“The performance has been excellent. We have not had any issues to date with these devices. The operators have come to trust them and use them to optimise the process.”

Other challenges

Founded in August 1974, Polyacryl Iran Corporation is the largest and most advanced man-made fibre manufacturer in Iran, producing over 95 000 tonnes of polyester and acrylic fibre each year.

Acrylic fibre is easily washed, resistant to oils and chemicals, readily dyeable and quick drying — all properties which make it very suitable for a wide range of knitted, woven and pile fabrics for clothing, blankets, upholstery, carpets, hosiery, sail covers and many other materials.

Polyacryl Iran produces acrylic fibre by dissolving a precise proportion of polyacrylonitrile powder in dimethylformamide and extruding the solution through a spinneret (die). As the polymer solution leaves the spinneret, the solvent is evaporated by heated nitrogen so the fibres solidify and can be collected on a take-up wheel. This process is called “dry spinning”.

The viscosity of the polymer solution is a direct reflection of its polyacrylonitrile content, which determines the properties of the product fibre. Viscosity can therefore be used as a control parameter to ensure that the composition of the solution is correct.

Polyacryl Iran had been having trouble with viscosity measurement. The polyacrylonitrile solution is highly viscous (up to 300 000 centipoise) and the company’s previous instrument was not very accurate. Moreover, it required constant maintenance and frequent repair, rendering it an expensive and inefficient part of the process.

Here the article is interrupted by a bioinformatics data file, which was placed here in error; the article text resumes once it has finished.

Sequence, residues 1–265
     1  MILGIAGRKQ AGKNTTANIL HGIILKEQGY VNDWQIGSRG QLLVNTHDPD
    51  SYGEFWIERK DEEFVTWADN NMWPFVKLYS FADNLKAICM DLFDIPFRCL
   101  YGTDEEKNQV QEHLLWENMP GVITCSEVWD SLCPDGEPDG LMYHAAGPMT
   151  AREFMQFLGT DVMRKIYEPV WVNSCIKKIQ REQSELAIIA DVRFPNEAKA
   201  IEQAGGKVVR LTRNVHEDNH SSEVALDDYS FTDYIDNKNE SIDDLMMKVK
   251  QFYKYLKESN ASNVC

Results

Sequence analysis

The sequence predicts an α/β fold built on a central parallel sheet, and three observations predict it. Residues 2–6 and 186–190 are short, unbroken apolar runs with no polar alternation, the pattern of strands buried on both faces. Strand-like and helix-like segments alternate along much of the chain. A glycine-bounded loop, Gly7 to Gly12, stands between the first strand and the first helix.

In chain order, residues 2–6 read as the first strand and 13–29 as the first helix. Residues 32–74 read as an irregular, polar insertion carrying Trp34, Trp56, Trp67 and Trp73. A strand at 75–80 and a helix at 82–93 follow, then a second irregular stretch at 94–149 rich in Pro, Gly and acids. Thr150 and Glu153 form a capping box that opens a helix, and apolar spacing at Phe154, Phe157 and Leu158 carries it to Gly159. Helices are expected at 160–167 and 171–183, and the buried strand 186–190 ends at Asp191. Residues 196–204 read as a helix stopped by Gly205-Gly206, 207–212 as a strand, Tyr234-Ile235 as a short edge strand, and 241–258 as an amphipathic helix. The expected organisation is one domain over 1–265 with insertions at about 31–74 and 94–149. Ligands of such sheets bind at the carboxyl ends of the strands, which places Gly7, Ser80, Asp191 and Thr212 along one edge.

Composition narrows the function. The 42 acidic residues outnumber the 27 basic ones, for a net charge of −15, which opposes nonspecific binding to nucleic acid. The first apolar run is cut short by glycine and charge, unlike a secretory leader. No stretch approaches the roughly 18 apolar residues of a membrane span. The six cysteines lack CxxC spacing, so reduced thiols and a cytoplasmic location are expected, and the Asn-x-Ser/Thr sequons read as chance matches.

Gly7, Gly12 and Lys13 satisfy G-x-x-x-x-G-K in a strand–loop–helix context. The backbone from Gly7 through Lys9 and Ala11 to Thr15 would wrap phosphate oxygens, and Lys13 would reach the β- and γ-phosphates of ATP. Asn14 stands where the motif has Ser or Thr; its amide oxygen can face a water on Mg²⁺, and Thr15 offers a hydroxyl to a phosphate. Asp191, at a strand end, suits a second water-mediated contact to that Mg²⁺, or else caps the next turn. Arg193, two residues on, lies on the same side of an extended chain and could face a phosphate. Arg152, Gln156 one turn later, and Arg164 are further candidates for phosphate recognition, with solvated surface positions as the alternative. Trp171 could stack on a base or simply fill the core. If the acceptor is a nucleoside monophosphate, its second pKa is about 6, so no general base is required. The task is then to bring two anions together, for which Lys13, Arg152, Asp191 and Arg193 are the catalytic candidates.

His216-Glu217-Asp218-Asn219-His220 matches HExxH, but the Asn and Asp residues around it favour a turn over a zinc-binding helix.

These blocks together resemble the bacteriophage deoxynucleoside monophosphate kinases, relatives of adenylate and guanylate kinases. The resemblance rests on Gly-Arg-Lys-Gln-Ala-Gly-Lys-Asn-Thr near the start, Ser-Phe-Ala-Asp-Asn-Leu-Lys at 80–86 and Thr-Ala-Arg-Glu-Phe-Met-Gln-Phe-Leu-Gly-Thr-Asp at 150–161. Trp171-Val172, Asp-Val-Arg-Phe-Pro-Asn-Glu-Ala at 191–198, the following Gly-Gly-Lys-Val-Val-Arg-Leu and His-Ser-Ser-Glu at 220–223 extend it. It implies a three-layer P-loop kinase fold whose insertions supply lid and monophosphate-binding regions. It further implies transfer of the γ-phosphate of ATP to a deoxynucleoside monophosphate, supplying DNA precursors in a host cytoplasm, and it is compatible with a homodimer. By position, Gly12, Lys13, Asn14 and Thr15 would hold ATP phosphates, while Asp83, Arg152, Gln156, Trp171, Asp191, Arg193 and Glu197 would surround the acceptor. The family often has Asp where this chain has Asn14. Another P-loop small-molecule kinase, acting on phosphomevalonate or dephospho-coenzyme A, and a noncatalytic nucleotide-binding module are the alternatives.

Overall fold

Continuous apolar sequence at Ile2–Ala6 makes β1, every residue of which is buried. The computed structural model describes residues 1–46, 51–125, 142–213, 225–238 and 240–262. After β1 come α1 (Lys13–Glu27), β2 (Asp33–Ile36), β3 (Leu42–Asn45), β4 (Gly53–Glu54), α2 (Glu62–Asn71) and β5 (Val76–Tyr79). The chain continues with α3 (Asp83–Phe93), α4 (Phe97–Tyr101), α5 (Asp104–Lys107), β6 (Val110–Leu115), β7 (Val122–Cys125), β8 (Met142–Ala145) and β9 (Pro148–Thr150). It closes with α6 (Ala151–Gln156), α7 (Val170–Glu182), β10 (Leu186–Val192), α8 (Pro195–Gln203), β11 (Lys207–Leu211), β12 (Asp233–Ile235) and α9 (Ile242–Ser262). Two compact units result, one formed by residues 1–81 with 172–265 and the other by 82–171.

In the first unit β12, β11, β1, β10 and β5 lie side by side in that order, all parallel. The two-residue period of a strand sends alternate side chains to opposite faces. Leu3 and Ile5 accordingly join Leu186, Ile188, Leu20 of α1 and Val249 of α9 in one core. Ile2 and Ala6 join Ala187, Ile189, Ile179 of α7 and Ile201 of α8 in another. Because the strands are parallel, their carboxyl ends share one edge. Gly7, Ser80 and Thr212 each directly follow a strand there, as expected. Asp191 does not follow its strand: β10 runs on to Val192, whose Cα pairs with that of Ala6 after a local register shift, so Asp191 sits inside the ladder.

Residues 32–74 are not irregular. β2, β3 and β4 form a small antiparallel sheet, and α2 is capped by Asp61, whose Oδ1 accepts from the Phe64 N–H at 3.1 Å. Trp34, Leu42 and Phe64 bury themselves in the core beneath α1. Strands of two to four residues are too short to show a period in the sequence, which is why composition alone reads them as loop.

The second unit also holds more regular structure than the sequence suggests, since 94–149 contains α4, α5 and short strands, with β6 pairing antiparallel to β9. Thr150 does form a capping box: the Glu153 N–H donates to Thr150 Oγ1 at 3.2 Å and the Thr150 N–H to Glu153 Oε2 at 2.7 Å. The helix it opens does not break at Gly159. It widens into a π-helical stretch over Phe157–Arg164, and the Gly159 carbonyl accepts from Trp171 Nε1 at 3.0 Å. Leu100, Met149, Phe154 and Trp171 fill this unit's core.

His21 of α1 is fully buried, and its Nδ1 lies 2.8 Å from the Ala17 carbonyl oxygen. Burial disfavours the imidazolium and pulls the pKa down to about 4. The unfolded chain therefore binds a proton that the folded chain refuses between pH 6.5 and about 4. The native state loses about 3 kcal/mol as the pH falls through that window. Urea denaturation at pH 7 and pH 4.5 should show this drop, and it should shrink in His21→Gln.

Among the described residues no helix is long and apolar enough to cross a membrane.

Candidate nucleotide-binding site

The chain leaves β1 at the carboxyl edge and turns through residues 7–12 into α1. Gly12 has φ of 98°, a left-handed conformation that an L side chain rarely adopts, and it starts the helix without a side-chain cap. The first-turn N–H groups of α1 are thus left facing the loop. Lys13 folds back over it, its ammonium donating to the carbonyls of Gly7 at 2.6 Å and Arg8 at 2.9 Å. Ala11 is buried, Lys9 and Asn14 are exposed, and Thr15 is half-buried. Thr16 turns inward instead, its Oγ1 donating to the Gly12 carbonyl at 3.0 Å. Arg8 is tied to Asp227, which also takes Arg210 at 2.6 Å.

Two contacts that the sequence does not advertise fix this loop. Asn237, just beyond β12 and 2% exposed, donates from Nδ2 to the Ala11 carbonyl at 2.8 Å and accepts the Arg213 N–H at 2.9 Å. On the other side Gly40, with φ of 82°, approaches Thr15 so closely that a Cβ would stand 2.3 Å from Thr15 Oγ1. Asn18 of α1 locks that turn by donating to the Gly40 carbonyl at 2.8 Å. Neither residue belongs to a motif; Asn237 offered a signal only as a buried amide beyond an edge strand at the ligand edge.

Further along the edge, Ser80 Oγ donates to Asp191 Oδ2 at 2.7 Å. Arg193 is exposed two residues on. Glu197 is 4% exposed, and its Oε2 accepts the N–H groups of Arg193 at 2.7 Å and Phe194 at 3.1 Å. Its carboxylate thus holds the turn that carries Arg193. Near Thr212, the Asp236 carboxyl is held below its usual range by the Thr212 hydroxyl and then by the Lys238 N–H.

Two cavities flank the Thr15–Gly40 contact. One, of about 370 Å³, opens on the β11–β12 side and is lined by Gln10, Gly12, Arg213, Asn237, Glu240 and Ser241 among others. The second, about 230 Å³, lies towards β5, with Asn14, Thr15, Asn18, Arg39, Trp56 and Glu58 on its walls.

By integrating two Hydramotion XL7-103 on-line viscometers into the process control system, engineers have been able to keep the percentage of polyacrylonitrile in the solution to within the required ±0.5 per cent using an automated control loop. The instrument provides a continuous, real-time viscosity signal that is fed directly to the PLC, enabling instant corrective action to be taken automatically as soon as the viscosity begins to wander off specification.

“The installation was very easy”, commented R Saghafian of Polyacryl Iran, “and the viscometer itself is very easy to use.”

The result has been a significant improvement in the efficiency of the process and a concomitant increase in productivity. Consistent product quality is assured while costly maintenance problems have become a thing of the past.

 It’s a similar story in the US, where Texas-based Champion Technologies selected an XL7 to measure the viscosity of the emulsion breakers (liquid polymers) that it uses during the dewatering of crude oil. Here, the viscometer was also modified because of the highly acidic – below pH 3 – process conditions with sensors being made out of Hastelloy C. “We can see far more in the reaction than we expected,” commented senior process engineer Jason Laws. “The XL7 viscometer has helped us determine reaction issues that needed to be overcome. It exceeded engineers’ expectations when regarding in-line viscosity.”

A new model

Building on these successful projects, in August Hydramotion announced the introduction of an upgrade to the XL7 range. The new XL7-HT2 gives continuous, real-time viscosity measurement of fluids up to 450°C without the need for any special cooling (Fig. 3).

The sensor always operates at the fluid temperature, which the company says will eliminate potential errors from localised cooling of the fluid. In addition, measurements are unaffected by flow rate or the presence of suspended solids or gases. It can also be supplied in an intrinsically safe version certified to ATEX Ex II 1G for Zone 0 Hazardous Areas (Class 1 Group 1 Div A).

The dedicated readout unit can be sited up to 1000 metres from the sensor. Outputs include a fully-configurable 4-20mA analogue viscosity signal and, optionally, a more comprehensive serial data link for recording or viscosity control.

Recent Issues